A Watermelon And Proud Of It? On Richard Di Natale’s Press Club Speech


In the eyes of Richard King, the Greens leader got off to a rocky start. So how’s he travelling now?

When Richard Di Natale became the leader of the Greens in 2015, he set about painting himself as a pragmatist, as someone in politics to Get Things Done.

Perhaps sensing that the Greens are often viewed as unworldly, as political naïfs, he set out a new vision of the party as the voice of principled compromise. “I am not an ideologue,” he declared in a press conference, shortly after assuming his new post.

Later in the day, he criticised the Abbott government on the grounds that it was ‘deeply ideological’. Clearly ‘deeply ideological’ was a bad thing to be, in Di Natale’s view.

Such rhetoric was both unsurprising and discouraging. Dissing ideology is a favourite sport among politicians, and a sign either that they haven’t understood what an ideology is, or that they have understood what it is but have decided for reasons of political expediency to paint themselves as its antidote, as ‘reality’ and ‘common sense’ incarnate.

In Di Natale’s case, I took it as an indication that he was preparing to move his party to ‘the centre’, which is (I won’t need to tell NM readers) no less ‘ideological’ than a head-kicker for the CFMEU with a hammer-and-sickle tattoo on his arse. More so, in fact, since at least the head-kicker knows that politics involves a battle for resources and that the dominant ideology will tend to reflect the priorities of the people who find themselves on top of the pile.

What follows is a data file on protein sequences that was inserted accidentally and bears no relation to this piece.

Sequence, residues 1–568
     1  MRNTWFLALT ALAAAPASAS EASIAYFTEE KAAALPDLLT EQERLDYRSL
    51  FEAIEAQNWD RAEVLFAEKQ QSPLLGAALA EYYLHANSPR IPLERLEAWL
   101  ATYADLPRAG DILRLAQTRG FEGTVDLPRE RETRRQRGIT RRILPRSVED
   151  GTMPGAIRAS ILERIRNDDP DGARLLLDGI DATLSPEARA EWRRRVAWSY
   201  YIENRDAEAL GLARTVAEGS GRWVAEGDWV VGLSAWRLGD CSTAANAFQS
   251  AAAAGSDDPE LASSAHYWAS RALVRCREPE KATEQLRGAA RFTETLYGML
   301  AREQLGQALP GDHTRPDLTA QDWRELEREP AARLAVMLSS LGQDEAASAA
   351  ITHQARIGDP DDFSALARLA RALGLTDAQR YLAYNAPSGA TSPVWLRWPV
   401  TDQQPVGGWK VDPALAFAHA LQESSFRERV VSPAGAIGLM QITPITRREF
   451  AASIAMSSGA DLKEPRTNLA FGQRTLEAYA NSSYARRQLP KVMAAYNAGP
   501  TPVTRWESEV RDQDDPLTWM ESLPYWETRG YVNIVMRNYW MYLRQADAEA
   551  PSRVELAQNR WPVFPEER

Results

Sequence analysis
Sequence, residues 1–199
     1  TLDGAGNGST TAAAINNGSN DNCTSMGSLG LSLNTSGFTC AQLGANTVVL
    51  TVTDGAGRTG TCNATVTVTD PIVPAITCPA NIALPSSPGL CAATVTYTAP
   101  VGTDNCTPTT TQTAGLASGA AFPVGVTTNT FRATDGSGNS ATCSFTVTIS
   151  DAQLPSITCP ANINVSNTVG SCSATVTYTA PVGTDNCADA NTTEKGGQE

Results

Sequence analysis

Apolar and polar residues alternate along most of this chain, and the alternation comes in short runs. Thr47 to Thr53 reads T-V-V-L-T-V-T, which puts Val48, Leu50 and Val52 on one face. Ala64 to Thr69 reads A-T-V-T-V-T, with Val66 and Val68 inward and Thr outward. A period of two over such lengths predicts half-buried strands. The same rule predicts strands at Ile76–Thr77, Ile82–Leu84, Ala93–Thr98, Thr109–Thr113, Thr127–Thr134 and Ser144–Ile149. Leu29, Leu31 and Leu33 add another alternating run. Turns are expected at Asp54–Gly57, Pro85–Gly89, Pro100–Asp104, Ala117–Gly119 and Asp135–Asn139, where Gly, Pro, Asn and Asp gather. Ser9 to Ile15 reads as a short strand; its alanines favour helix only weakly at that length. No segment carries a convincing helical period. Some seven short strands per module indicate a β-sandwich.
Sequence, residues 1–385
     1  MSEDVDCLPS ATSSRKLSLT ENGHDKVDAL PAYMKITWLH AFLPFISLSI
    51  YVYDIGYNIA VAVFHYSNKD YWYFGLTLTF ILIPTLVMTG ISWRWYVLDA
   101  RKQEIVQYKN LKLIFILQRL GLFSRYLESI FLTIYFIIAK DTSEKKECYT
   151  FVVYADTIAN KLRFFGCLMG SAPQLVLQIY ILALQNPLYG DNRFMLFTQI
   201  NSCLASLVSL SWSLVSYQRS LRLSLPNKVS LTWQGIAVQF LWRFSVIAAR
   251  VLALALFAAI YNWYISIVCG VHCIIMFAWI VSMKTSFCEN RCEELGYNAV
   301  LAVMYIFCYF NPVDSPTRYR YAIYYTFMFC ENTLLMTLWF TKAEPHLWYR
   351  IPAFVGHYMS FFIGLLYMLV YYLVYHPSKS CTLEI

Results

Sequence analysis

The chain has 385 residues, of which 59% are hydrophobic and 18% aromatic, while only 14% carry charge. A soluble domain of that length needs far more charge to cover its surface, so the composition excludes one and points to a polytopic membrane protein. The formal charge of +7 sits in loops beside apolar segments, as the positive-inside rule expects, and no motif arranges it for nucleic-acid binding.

So, not the greatest start, for mine. Nor did the sight of Di Natale going into bat for capitalism in the face of the challenge from Left Renewal (who say they don’t much care for it) do much to disrupt my view of the Greens as a party of knowledge-class liberals more interested in social engineering than in radical, material redistribution.

Yes, they’ve been solid on immigration detention, and they’ve kept the focus of renewables. But on the central question of the 21st century – the terminal decline of capitalism – they’ve offered very little of note.

But then came Di Natale’s speech, last Wednesday, to the National Press Club – a speech that, while not exactly Marxist, did contain a genuine acknowledgment that we are entering new socioeconomic territory – a long interregnum, if you like, in which questions of how, and how much, we work, and how we (re-)distribute wealth will have to come to the fore. Though couched in the usual fluffy guff about the importance of ‘love and compassion’ etc, it was an intervention of unusual candour.

Much of the speech was unsurprising. There was anxiety about the ‘democratic deficit’ and the corrupting influence of big donations; an attack on the conservative media and its concentration in a few, well-manicured hands; and some solid social democratic proposals for increased taxes on the uberwealthy, a people’s bank, and other sundries. But there was also this:

We rightly talk about the 16 per cent of people who want to work more hours, but we never hear about the more than one in four Australians who want to work less. A four-day work week  or a six-hour day might actually make us happier and create more opportunities for others, not to mention reducing the costs of full-time childcare. Some companies have even implemented three day working weeks. As part of that discussion, let’s also talk about guaranteed adequate income. Many other countries are trialling models of a social safety net designed to look after everyone in a 21st century economy where work has changed radically.